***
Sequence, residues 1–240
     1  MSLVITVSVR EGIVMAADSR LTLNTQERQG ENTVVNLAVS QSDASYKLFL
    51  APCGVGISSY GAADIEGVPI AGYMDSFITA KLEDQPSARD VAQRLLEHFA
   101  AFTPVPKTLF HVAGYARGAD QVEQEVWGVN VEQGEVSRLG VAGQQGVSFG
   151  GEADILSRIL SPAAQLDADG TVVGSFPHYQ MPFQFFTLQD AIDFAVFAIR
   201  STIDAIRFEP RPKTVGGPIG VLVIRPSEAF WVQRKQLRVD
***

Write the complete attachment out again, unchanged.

Sequence, residues 1–240
     1  MSLVITVSVR EGIVMAADSR LTLNTQERQG ENTVVNLAVS QSDASYKLFL
    51  APCGVGISSY GAADIEGVPI AGYMDSFITA KLEDQPSARD VAQRLLEHFA
   101  AFTPVPKTLF HVAGYARGAD QVEQEVWGVN VEQGEVSRLG VAGQQGVSFG
   151  GEADILSRIL SPAAQLDADG TVVGSFPHYQ MPFQFFTLQD AIDFAVFAIR
   201  STIDAIRFEP RPKTVGGPIG VLVIRPSEAF WVQRKQLRVD